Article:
A home battery that is cheap, durable, safe and as big as you like that could store solar or wind power is closer to reality. Harvard University researchers report that they have tested a “flow battery” that uses cheap and abundant chemical elements, can be operated with plastic components, will not catch fire and can operate at 99 percent efficiency.
StoreDot, a three-year-old Israeli startup, is developing an electric car battery that will let electric cars travel hundreds of miles after only five minutes of charging.
The UK is hoping to significantly boost the range of electric cars by introducing roads in an 18-month trial that can charge the vehicles as they drive along them.
Nissan is following in the footsteps of Tesla and Mercedes-Benz. They are now set to become the latest automaker to offer battery packs for stationary energy storage. Although pricing information has yet to be provided, the Nissan product should be relatively affordable, as it will incorporate used batteries from Nissan Leaf electric cars.
“I thought it was a student prank,” professor Donald Sadoway remembers chuckling at an e-mail in August 2009 from a woman claiming to represent Bill Gates. The world’s richest man wondered if he could meet the guy teaching popular MIT course, Introduction to Solid State Chemistry, that Gates had taken online. Continue reading… “Better batteries: A $5 billion race”
The latest breakthrough in the search for lighter, more potent batteries is small battery made up of a billion nanopores, or microscopic holes capable of producing electric current.
Nanosize batteries that are 80,000 times thinner than a human hair could revolutionize green energy. They could advance the use of electric vehicles, now limited by short driving ranges, and of renewable energy, which needs storage for times when the wind doesn’t blow or the sun doesn’t shine.
Another immediate benefit of the supercapacitor film technology is in charging time.
Researchers at Rice University and the Queensland University of Technology have conducted a study that has resulted in the creation of a graphene-based supercapacitor film that could possibly replace the need for a conventional battery in electric cars.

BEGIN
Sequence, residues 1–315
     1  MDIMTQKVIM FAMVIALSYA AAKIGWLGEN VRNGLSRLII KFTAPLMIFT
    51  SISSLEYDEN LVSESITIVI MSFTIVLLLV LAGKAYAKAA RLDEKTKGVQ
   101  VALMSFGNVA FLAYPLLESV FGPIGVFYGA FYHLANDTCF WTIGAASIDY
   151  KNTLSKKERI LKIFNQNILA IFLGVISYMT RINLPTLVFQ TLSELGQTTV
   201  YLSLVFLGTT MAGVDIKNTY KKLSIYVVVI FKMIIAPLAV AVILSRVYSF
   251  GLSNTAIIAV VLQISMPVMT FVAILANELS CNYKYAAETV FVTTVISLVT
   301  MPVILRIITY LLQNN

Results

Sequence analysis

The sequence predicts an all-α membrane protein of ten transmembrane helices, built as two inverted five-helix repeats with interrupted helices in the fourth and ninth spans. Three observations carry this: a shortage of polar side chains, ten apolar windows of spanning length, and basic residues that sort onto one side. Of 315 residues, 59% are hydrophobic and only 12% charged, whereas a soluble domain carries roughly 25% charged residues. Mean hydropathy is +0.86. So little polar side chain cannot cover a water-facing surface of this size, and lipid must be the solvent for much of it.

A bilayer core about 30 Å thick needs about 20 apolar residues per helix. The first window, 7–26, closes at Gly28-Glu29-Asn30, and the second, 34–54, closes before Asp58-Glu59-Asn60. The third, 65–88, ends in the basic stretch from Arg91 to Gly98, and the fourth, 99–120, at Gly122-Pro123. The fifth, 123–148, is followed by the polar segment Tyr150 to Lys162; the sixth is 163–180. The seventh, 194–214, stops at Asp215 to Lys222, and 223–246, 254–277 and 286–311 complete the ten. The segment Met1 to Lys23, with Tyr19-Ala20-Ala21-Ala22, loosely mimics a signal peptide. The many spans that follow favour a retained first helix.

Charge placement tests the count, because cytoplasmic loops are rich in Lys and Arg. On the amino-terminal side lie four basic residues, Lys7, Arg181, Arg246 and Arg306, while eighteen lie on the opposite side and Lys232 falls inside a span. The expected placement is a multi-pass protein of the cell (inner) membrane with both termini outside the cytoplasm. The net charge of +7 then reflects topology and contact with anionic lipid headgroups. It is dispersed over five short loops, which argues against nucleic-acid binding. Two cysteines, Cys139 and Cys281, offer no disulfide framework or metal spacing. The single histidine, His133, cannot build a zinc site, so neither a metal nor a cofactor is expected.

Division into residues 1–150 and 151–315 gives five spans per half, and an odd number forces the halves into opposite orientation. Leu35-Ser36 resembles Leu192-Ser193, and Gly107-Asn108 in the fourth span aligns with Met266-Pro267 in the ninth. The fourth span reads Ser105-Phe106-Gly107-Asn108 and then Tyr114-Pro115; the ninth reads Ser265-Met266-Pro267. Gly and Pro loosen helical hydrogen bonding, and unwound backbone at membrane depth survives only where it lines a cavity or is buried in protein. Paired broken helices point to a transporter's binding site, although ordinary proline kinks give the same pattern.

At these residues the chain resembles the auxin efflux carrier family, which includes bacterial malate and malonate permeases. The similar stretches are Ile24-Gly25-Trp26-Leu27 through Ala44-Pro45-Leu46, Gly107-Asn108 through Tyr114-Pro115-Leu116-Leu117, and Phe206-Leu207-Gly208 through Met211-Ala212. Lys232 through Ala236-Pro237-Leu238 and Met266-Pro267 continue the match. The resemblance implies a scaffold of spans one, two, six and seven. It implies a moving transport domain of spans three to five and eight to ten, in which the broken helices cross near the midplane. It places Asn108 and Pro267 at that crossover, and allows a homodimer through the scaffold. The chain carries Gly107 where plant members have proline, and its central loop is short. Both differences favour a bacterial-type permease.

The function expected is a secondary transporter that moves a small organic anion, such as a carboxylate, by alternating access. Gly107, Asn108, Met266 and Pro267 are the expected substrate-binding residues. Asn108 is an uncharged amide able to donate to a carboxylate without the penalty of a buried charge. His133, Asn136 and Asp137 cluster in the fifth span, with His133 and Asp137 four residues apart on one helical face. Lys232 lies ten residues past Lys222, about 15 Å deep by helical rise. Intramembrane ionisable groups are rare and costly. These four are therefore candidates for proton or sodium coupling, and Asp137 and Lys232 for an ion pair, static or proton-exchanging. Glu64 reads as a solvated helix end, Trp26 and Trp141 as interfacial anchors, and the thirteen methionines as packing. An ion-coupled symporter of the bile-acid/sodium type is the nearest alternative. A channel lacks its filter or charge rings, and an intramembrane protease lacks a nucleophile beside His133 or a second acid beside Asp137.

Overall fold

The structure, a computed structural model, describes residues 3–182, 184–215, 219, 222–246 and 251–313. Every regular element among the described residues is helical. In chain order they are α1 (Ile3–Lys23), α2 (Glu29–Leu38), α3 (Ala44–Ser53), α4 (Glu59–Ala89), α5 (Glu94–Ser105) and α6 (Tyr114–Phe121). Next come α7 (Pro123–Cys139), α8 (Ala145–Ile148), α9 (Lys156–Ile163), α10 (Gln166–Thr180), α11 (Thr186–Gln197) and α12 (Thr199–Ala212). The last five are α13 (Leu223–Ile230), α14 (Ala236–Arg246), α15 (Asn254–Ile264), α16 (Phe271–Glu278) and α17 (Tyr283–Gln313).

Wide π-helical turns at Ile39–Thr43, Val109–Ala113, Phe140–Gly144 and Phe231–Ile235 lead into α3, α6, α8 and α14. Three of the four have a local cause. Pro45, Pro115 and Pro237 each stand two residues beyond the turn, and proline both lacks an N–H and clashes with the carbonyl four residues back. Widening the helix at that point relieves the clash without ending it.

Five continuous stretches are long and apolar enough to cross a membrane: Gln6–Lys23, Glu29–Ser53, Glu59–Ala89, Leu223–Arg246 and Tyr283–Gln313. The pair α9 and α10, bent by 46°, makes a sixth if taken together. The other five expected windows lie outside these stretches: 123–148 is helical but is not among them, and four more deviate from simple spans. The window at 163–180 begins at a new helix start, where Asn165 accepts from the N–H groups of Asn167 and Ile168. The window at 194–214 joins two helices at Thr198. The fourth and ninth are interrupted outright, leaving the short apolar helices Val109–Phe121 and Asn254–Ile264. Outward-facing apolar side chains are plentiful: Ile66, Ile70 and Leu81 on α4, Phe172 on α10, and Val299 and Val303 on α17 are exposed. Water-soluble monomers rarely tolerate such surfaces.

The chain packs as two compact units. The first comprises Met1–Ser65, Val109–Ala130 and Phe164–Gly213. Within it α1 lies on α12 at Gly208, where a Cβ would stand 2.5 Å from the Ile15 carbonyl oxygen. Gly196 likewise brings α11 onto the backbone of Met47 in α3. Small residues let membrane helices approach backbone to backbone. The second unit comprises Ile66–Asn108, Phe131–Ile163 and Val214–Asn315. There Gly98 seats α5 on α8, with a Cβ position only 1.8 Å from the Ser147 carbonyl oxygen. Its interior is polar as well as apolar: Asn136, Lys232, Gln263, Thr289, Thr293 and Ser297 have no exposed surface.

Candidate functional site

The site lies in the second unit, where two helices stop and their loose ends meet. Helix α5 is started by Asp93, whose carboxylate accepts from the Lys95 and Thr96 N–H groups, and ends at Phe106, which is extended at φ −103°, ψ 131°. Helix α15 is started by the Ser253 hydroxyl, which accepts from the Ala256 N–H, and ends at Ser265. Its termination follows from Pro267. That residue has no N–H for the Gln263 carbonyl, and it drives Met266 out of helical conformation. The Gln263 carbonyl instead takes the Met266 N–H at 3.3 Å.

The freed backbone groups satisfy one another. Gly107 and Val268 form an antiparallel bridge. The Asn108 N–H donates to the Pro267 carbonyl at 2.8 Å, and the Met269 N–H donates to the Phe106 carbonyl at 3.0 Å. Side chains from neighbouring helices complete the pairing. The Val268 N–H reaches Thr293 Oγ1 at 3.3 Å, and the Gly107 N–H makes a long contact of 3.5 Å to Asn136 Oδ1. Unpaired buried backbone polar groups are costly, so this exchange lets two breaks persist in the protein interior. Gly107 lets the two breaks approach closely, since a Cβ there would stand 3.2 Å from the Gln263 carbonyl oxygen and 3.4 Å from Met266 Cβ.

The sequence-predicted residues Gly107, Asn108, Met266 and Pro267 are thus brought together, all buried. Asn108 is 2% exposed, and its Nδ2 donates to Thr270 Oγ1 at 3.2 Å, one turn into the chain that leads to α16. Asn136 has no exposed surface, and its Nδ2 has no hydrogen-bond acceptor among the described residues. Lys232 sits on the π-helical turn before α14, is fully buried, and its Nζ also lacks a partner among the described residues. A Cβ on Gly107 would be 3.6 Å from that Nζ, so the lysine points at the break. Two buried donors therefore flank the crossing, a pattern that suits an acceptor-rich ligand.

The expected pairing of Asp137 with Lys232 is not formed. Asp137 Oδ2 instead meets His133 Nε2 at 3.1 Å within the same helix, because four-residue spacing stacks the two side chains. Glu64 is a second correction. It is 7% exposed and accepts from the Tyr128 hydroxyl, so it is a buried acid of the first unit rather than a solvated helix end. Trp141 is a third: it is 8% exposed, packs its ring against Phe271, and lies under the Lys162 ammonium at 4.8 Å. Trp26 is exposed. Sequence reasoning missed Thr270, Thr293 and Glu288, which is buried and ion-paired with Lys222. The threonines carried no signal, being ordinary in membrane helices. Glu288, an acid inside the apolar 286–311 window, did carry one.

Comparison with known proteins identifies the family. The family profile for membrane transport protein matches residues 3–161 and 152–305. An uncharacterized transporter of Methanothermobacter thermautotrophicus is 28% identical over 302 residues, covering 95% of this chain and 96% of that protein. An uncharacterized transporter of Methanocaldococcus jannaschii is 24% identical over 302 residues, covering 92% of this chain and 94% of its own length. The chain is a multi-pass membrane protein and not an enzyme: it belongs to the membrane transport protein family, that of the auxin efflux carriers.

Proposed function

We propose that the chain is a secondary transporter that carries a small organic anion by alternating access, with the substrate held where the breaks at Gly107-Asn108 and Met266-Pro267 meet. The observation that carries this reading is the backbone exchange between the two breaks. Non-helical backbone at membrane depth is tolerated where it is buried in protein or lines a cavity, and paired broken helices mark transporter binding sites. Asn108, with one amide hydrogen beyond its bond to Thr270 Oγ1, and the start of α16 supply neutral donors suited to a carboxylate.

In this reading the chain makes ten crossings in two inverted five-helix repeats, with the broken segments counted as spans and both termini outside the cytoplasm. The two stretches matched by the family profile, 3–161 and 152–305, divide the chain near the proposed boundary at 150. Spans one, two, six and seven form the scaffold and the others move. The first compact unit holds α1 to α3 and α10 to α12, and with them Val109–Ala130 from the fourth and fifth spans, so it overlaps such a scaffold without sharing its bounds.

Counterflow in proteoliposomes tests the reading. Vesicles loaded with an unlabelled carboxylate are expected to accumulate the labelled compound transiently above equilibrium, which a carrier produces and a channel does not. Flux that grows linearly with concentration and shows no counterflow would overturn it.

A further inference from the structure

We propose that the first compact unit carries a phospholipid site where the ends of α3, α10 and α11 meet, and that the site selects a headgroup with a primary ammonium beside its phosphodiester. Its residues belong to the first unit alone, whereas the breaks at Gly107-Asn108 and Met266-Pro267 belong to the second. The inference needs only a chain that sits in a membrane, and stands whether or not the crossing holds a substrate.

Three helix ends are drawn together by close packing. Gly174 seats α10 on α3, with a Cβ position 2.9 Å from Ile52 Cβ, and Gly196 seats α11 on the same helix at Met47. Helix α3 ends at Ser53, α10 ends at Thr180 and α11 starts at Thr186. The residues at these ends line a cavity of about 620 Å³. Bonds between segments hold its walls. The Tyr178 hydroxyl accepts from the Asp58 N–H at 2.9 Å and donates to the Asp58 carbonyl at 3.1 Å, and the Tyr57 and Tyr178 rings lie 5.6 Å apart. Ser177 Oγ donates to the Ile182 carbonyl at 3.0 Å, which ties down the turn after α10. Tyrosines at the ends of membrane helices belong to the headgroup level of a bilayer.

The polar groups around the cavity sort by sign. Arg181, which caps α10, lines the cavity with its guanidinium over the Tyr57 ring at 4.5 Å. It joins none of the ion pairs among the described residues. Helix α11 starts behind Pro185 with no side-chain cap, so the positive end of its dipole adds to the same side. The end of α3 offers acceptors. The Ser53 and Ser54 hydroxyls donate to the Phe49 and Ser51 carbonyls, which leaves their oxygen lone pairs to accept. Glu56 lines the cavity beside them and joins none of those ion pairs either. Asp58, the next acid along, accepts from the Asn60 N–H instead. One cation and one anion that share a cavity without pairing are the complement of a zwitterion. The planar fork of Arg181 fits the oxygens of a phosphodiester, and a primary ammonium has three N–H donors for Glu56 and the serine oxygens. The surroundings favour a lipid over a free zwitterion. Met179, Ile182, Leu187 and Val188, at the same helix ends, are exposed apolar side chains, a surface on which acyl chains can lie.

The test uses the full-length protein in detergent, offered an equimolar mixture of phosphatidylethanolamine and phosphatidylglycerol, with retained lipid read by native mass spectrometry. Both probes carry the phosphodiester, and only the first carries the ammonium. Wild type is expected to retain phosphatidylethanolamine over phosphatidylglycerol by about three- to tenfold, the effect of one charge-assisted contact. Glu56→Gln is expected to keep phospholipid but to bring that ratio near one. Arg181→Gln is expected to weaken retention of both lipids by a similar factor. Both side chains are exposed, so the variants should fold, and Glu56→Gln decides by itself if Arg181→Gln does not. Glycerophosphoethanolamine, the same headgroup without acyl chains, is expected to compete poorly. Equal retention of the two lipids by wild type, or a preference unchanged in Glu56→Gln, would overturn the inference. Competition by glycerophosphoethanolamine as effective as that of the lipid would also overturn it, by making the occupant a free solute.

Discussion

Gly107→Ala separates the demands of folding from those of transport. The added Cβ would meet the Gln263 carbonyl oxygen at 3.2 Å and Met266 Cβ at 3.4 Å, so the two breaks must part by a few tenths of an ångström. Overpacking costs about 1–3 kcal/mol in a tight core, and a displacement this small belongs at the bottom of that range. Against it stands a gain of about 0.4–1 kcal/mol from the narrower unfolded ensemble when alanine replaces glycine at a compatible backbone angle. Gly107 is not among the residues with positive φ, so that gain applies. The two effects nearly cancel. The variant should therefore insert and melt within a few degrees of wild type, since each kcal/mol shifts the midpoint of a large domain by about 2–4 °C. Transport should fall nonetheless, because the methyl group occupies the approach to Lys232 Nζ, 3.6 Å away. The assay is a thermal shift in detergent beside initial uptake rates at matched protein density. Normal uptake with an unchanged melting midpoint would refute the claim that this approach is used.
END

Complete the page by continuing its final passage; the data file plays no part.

A battery module built at Aquion’s plant in Pennsylvania.
A new kind of battery that stores energy from solar and wind power cheaply and cleanly has hit the market. It is by far the cheapest of a new generation of large, long-lived batteries that could make it possible to rely heavily on intermittent, renewable energy sources.
Researchers at Ohio State University have created a new hybrid device that can act both as a solar cell and as a battery storing that energy.
Scientists, entrepreneurs and government leaders are pushing to develop cheap, clean energy as the world seeks out alternatives to fossil fuels.
The battery is expected to be on the market in 2 years.
Are you tired of waiting an hour for your phone to charge before you leave the house? Researchers at Nanyang Technological University in Singapore have come up with the best solution yet – a lithium ion battery that charges to 70 percent in just two minutes.
Qnovo bets it can improve the battery that’s already in your smartphone.
Smartphones can be frustrating and one of the most frustrating things about them is how long they take to recharge. But they could soon be one-third as frustrating. A startup called Qnovo, based in Newark, California, uses a technology that constantly checks and adjusts the flow of power during recharging to charge batteries faster and increase their lifespans.
Tesla to create a 500-mile range electric car.
Tesla Electric cars have the highest energy density battery in the world. That’s twice of the Nissan Leaf. But their range is more than twice that of the Leaf so we come into other factors: what’s the drag co-efficient of the car, how much does it weigh, what’s the efficiency of the motor and gearbox, what’s the rolling resistance? All those factors affect the range.